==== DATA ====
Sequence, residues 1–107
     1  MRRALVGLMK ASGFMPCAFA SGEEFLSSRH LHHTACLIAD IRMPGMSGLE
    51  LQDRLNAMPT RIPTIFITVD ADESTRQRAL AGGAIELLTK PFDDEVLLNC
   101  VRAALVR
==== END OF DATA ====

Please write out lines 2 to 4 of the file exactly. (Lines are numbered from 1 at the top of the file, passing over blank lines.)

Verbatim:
     1  MRRALVGLMK ASGFMPCAFA SGEEFLSSRH LHHTACLIAD IRMPGMSGLE
    51  LQDRLNAMPT RIPTIFITVD ADESTRQRAL AGGAIELLTK PFDDEVLLNC
   101  VRAALVR